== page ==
Venezuela's vice-president says that President Hugo Chavez could be sworn in by the Supreme Court later on if he's not able to take the oath of office next week before lawmakers.

Vice-President Nicolas Maduro made the comment in a televised interview on Friday night.

Maduro says Chavez, as a re-elected president, remains in office beyond the swearing-in date stipulated in the constitution, and could be sworn in if necessary before the Supreme Court at a date to be determined.

He dismissed the argument by some opposition leaders that new elections must be called if Chavez doesn't take office as scheduled on Thursday.

The brewing disagreements over how to handle a possible transition of power also could be aired at a Saturday session of Venezuelan lawmakers. The session could shed light on what steps may be taken if President Hugo Chavez is too sick to be sworn in for a new term next week.

Legislators will choose a president, two vice-presidents and other leaders of the National Assembly, which is controlled by a pro-Chavez majority. Whoever is elected National Assembly president could end up being the interim president of Venezuela if Chavez is unable to be inaugurated on Jan. 10 as scheduled.

Severe lung infection, respiratory deficiency

The government revealed this week that Chavez is fighting a severe lung infection and receiving treatment for "respiratory deficiency" more than three weeks after undergoing cancer surgery in Cuba. The announcement suggests a deepening crisis for the 58-year-old president and has fed speculation that he likely is not well enough to travel to Caracas for the inauguration.

'If the opposition thinks it will find a space in the National Assembly to conspire against the people, it's mistaken.' —Tweet from National Assembly President Diosdado Cabello

National Assembly President Diosdado Cabello called on Chavez backers to show up for the legislative session and demonstrate their support.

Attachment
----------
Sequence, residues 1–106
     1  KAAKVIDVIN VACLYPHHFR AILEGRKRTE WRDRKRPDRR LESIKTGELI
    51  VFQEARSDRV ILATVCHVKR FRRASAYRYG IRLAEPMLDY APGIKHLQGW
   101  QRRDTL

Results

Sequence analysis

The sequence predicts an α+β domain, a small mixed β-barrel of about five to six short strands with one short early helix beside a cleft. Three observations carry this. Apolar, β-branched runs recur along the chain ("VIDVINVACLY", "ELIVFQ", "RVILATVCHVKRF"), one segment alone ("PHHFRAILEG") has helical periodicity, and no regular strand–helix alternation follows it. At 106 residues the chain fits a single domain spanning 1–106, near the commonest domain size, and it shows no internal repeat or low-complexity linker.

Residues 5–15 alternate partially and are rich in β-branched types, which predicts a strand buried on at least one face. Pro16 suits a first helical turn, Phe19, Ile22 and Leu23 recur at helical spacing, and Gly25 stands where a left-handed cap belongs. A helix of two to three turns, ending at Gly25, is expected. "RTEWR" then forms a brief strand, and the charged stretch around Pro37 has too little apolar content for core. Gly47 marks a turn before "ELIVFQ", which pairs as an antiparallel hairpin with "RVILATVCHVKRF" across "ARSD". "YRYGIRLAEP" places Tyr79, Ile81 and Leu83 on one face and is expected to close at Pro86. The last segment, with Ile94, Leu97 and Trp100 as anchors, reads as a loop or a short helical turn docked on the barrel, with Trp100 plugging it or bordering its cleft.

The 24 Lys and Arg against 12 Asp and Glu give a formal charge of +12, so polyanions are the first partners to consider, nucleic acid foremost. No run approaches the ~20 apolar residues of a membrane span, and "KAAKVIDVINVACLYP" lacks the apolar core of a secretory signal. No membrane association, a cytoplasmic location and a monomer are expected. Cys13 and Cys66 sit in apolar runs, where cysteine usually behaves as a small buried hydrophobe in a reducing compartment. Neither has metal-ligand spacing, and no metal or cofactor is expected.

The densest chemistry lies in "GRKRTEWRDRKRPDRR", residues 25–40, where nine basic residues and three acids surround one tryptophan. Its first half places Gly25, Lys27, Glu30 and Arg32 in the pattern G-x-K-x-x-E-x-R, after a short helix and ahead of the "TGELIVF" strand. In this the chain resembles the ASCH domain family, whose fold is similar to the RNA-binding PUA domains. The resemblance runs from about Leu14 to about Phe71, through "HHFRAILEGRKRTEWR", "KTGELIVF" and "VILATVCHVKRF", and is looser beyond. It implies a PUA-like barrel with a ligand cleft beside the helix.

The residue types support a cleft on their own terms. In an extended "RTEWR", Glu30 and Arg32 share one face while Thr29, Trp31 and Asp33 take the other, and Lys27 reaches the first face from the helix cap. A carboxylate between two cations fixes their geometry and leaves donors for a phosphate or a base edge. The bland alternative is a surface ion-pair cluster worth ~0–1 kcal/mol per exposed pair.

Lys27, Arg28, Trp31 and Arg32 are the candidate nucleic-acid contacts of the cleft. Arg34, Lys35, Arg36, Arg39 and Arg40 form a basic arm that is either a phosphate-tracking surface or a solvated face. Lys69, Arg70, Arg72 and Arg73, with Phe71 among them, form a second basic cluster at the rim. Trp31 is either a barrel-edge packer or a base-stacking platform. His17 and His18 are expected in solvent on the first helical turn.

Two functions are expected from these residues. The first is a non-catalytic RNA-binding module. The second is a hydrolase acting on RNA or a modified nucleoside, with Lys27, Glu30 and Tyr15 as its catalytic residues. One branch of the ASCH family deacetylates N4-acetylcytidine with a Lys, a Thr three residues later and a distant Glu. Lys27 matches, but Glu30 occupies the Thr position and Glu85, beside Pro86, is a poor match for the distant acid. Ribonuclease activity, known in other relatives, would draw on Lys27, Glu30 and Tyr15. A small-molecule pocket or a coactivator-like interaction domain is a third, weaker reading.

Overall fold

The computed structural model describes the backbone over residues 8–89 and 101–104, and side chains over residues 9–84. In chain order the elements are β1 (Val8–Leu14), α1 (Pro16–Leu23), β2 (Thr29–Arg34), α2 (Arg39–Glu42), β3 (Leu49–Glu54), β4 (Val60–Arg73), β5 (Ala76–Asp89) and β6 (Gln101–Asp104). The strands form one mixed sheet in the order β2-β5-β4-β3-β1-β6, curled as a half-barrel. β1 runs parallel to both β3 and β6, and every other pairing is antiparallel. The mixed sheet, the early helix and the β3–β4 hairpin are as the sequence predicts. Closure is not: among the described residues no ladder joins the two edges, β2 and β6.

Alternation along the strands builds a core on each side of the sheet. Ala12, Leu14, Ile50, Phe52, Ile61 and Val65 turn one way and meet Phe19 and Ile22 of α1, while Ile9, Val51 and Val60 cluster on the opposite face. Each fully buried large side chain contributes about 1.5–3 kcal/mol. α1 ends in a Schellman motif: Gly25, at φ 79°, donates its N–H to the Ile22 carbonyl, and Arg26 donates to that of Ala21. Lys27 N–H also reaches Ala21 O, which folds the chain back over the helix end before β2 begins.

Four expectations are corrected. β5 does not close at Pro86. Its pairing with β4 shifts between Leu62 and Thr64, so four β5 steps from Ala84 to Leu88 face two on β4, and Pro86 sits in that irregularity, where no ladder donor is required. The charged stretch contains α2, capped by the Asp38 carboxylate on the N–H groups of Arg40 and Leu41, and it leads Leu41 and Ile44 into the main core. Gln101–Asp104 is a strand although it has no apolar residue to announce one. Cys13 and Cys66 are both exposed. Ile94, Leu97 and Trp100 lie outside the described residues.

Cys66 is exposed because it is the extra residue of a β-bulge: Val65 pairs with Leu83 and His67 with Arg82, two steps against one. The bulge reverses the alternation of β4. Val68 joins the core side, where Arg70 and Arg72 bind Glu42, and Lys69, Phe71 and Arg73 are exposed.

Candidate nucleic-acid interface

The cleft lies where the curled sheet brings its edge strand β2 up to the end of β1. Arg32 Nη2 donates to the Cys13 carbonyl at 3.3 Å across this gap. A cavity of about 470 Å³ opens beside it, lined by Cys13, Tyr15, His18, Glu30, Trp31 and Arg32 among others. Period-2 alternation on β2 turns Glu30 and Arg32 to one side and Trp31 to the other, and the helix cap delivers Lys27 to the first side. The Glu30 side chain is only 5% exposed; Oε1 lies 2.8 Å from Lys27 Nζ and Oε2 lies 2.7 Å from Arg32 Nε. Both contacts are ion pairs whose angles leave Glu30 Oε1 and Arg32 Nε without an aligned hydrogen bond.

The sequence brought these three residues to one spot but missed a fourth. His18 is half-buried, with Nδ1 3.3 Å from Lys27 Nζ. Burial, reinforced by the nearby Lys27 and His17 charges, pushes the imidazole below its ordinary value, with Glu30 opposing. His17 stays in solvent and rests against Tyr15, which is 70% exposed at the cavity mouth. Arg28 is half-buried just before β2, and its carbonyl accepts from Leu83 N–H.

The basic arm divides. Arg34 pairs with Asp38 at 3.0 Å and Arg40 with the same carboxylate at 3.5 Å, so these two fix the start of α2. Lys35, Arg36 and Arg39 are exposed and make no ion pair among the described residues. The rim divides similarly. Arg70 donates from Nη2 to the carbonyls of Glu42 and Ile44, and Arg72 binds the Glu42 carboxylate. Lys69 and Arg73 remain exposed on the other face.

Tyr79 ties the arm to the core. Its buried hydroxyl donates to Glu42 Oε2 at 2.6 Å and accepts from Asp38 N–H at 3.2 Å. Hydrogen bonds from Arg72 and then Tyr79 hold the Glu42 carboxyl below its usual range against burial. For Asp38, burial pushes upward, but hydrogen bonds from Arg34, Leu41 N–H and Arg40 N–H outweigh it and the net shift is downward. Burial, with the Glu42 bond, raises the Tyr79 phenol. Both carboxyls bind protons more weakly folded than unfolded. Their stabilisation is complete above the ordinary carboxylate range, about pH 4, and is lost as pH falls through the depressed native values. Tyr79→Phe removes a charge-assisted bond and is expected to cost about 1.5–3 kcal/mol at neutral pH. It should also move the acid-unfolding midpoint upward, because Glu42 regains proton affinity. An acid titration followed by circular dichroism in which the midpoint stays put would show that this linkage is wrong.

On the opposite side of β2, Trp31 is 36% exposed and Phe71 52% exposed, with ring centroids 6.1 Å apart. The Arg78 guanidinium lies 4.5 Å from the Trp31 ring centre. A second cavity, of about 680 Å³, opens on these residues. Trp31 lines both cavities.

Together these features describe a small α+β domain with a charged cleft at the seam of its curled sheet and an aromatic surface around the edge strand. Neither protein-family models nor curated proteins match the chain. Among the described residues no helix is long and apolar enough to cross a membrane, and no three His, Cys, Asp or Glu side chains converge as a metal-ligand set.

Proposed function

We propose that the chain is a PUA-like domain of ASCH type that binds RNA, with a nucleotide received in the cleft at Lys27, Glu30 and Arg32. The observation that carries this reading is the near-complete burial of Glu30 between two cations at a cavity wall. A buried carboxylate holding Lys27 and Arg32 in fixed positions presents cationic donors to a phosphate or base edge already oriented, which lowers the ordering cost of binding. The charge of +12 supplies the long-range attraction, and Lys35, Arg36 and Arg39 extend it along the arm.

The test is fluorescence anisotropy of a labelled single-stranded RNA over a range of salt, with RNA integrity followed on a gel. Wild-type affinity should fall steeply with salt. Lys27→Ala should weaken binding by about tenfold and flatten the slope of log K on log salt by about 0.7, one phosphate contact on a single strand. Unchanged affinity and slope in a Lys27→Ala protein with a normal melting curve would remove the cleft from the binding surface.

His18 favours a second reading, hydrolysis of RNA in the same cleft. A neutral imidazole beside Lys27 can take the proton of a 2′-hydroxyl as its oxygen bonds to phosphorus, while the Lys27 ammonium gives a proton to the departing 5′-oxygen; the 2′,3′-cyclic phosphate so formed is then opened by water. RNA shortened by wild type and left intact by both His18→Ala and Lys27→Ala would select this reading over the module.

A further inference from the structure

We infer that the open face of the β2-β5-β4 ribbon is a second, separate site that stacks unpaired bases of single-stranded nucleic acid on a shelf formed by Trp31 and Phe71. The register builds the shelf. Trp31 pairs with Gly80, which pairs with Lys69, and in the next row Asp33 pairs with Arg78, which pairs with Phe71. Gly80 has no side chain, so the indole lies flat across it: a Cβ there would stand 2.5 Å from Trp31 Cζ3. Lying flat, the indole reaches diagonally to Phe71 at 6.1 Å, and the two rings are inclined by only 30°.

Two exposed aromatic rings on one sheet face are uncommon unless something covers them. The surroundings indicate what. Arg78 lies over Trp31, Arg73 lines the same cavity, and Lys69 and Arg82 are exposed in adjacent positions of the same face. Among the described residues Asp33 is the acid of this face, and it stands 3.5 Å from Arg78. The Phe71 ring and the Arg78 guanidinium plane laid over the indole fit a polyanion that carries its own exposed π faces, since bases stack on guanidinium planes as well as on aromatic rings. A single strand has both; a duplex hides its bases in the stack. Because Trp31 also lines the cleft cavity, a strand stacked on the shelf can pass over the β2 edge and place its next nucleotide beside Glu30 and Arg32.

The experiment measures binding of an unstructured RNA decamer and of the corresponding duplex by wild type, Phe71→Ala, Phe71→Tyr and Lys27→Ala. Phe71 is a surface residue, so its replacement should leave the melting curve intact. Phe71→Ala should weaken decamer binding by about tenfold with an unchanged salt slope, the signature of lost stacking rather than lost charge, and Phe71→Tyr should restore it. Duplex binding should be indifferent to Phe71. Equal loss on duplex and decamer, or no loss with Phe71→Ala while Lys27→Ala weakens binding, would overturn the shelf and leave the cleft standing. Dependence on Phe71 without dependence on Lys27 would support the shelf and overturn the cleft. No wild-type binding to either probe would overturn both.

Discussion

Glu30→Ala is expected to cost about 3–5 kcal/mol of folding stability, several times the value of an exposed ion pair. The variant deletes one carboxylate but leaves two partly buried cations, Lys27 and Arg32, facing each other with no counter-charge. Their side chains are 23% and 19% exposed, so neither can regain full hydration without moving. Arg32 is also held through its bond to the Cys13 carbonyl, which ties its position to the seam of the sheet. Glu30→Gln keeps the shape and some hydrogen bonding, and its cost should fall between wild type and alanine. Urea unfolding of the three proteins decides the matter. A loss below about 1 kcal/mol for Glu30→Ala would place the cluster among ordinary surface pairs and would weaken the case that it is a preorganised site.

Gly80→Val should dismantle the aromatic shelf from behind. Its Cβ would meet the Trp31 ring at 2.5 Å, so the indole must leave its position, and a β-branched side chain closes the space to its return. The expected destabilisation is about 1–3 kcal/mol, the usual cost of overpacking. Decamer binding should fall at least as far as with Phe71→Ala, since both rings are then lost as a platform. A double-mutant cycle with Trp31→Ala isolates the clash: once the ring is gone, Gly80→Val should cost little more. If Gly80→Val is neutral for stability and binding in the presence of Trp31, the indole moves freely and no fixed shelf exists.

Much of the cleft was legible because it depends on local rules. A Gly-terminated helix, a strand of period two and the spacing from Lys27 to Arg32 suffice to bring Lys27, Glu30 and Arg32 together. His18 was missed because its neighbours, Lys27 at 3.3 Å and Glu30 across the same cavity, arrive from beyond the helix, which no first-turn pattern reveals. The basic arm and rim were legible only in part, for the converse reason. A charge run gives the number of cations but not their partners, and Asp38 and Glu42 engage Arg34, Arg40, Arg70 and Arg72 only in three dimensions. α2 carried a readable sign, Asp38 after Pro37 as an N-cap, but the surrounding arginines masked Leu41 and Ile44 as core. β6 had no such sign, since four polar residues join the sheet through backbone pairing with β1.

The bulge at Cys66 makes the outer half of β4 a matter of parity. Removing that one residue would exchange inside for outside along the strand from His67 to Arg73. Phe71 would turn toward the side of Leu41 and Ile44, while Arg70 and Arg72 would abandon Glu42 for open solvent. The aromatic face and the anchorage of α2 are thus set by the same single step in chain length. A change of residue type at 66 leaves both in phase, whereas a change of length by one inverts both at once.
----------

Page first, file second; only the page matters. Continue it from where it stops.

"This National Assembly is revolutionary and socialist. It will remain beside the people and our commander," Cabello said in one of several messages on his Twitter account. "If the opposition thinks it will find a space in the National Assembly to conspire against the people, it's mistaken once again. It will be defeated."

Opposition leaders have demanded that the government provide more specific information about Chavez's condition, and say a new election should be held within 30 days if the president doesn't return to Venezuela by inauguration day.

Some Chavez allies say the inauguration date is not a hard deadline, and argue that the president should be given more time to recover from his surgery if necessary.

Chavez may be using ventilator

Chavez hasn't spoken publicly or been seen since his Dec. 11 operation in Cuba. In a Thursday night update, the government for the first time described the president's respiratory infection as "severe," the strongest confirmation yet that Chavez is having serious trouble breathing after days of rumours about his condition worsening.

"Chavez has faced complications as a result of a severe respiratory infection. This infection has led to respiratory deficiency that requires Commander Chavez to remain in strict compliance with his medical treatment," Information Minister Ernesto Villegas said Thursday night, reading a statement on television.